Three decades ago, African-American women and American women of European descent experienced similar rates of death from breast cancer. Since then, mortality rates among the two groups have diverged. The most recent numbers from the US National Cancer Institute indicate that the mortality rate from breast cancer among African-American women is about 28 per 100,000, as compared to 20 per 100,000 among US women of European descent. This difference might partially stem from the fact that new treatments do not always work against the most aggressive breast cancer subtypes, which are more common in the former group than in the latter. But this disparity in cancer-treatment options does not necessarily explain all of the difference between the current mortality rates.
This is Lisa from FORCE:
At FORCE we are very interested in this issue. We applaud continued research that is working to get to the reasons behind these disparities.
Advocacy groups have a role in helping address these disparities through awareness, education, and work to address disparities and gaps.
In terms of awareness, we have brought these efforts to the attention of our community by providing patient-friendly reviews of current research including: *Recent NIH funding to understand breast cancer genetics in the African American community *How the family's country of origin impacts breast cancer rates and mortality in Hispanic women *New research on ethnic disparities in BRCA testing
We also work to educate the entire hereditary breast and ovarian cancer community as to the current national guidelines for cancer risk management and provide expert-reviewed information on paying for care.
In many cases, access to care is a huge issue. One of our current advocacy actions is to work towards assuring private insurance as well as Medicare and Medicaid cover the recommended cancer risk management services.
Is genetic counseling something you would recommend for everyone? I know very little about the medical history of my biological father's family and am concerned there may be a genetic risk that I'm not aware of. Are the associated gene mutations rare enough that I'm ok playing the odds with self-checks and mammograms at 40?
Hello! Leigha Senter here – Genetic counselor and NSGC cancer genetics expert. This is a great question. So many people find themselves in similar situations. You are correct that these hereditary cancer syndromes are rare and most people people are not in this highest risk category. However, sometimes meeting with a genetic counselor can be helpful so that you can sort out the information that you do have and make sure that general population cancer screening guidelines are appropriate for you. You can find a genetic counselor in your area at www.nsgc.org.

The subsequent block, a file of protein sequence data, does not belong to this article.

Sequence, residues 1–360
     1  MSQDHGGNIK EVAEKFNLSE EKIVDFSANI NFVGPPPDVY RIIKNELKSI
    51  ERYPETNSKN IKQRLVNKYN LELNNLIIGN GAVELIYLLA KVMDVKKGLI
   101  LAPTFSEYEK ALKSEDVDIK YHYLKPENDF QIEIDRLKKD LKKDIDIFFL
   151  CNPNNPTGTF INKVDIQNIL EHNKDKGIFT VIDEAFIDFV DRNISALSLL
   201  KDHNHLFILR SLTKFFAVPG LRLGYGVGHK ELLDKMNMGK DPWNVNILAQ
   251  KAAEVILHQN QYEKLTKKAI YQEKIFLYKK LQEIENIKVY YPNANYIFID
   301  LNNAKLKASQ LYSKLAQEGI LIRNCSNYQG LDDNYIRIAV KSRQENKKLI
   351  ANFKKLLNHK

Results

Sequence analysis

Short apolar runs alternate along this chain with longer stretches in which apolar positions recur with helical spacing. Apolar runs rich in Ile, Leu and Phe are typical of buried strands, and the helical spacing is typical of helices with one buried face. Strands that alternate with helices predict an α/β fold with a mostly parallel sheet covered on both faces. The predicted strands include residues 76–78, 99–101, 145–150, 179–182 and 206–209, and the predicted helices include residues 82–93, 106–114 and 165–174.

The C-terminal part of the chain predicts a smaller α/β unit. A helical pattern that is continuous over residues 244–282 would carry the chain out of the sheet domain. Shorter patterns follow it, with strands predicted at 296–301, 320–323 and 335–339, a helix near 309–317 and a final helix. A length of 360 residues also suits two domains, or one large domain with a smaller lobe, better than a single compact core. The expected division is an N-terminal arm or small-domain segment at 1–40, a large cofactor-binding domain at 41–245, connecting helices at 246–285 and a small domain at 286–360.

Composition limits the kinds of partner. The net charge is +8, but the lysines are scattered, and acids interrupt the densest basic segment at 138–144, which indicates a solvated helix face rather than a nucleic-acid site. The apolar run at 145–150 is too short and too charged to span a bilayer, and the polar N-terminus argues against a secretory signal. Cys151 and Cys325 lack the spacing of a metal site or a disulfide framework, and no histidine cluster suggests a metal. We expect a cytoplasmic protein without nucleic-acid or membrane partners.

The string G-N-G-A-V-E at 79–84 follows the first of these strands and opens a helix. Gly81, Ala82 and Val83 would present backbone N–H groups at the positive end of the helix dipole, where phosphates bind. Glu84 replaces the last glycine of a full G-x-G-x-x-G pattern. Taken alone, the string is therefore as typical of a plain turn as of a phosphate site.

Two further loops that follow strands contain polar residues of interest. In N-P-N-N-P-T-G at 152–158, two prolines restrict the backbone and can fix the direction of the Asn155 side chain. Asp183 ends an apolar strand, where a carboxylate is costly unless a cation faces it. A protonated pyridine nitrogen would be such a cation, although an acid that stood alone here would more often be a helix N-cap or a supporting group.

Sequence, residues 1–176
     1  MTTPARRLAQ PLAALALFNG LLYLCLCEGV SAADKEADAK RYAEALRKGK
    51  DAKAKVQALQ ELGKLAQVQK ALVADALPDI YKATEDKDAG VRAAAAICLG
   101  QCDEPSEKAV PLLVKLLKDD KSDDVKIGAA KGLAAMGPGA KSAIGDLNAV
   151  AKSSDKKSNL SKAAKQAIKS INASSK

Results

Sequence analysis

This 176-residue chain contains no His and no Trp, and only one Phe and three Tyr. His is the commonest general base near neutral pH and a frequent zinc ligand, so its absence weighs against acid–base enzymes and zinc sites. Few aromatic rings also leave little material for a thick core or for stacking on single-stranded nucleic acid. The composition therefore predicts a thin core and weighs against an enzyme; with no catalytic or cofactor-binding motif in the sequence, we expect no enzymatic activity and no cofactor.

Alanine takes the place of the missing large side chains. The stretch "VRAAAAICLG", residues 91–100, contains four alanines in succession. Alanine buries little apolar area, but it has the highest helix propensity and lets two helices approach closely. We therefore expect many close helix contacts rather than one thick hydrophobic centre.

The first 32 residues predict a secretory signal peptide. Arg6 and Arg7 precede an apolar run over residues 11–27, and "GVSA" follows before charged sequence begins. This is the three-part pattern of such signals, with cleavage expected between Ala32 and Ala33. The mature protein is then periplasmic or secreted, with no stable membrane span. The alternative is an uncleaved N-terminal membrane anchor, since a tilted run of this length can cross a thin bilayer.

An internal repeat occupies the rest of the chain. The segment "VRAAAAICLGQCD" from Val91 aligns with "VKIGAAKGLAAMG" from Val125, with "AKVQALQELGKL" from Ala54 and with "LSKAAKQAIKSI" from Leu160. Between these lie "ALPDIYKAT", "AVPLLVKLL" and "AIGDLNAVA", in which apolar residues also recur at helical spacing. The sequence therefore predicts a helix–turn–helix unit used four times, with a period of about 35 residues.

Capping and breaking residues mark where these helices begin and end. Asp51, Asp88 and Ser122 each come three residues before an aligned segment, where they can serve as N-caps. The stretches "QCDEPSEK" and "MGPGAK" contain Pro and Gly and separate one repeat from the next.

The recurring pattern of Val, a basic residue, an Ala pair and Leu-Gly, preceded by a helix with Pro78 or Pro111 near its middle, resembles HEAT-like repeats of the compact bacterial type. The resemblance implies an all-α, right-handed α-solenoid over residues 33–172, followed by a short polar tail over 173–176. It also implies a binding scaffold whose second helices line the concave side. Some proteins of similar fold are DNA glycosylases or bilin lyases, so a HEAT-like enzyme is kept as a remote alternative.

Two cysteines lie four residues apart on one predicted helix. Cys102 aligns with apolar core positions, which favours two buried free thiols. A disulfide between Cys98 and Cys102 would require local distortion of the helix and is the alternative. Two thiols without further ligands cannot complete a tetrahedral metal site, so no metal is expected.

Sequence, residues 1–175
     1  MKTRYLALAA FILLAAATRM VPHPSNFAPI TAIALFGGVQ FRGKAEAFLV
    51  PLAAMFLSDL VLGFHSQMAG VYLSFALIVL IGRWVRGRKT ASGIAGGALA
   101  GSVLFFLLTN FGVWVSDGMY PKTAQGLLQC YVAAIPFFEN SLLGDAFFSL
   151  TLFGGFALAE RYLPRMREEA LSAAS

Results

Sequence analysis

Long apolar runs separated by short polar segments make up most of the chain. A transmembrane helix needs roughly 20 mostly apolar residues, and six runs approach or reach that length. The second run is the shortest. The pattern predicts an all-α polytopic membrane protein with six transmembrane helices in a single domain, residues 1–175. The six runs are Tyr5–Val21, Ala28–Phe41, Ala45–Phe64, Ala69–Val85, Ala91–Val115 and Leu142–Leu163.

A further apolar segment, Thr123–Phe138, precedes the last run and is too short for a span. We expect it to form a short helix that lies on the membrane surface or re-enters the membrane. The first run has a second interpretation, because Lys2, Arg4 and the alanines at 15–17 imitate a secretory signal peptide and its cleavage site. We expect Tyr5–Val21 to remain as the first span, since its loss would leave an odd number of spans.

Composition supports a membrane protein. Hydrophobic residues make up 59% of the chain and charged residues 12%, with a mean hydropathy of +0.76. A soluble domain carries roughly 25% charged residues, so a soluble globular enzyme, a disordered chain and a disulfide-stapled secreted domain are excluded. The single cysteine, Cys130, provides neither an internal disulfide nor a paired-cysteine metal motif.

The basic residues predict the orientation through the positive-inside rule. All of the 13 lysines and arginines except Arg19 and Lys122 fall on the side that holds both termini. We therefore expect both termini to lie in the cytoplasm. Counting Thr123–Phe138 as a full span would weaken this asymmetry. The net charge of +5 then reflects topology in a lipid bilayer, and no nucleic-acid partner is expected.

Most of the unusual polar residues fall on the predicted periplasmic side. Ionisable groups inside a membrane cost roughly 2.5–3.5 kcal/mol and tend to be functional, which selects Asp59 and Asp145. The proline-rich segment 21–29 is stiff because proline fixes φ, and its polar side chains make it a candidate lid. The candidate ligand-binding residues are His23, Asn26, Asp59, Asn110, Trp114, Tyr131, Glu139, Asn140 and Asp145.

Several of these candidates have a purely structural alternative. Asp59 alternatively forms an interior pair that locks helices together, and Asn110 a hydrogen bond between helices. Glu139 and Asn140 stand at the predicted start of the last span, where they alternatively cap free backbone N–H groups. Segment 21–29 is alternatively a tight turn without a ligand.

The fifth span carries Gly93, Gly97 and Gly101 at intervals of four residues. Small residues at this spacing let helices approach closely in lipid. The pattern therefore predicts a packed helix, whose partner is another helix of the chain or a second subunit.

First off, I wanted to thank you and everyone in your field for the work you do.
Reading through your site, it seems that this sort of testing is focused more on women. As a male with a large family history of cancer (brain, breast, and lung ) is testing something that should be considered?
Secondly, is there a certain age that testing should be done around for the most indicative of results, and just how accurate are your results ?
Hello! Leigha Senter here – Genetic counselor and NSGC cancer genetics expert. Thanks for asking. Both men and women can have mutations in genes like BRCA1 and BRCA2. While the cancer risks that are associated with mutations in these genes are higher for women in affected families, these mutations can impact cancer risks for men, as well. Men with BRCA1/2 gene mutations can have increased risks of breast cancer and prostate cancer as well as melanoma and pancreatic cancer in some families. As such, you may wish to consider genetic counseling to determine if genetic testing might help clarify risks for you and your family. There's no specific age when this is most informative but genetic testing for most hereditary cancer syndromes is not recommended for minors (there are rare exceptions). And lastly, genetic testing for hereditary cancer syndromes is complex but there are many reliable options. Your genetic counselor can ensure that the technology used is the current standard and help you understand and interpret the result.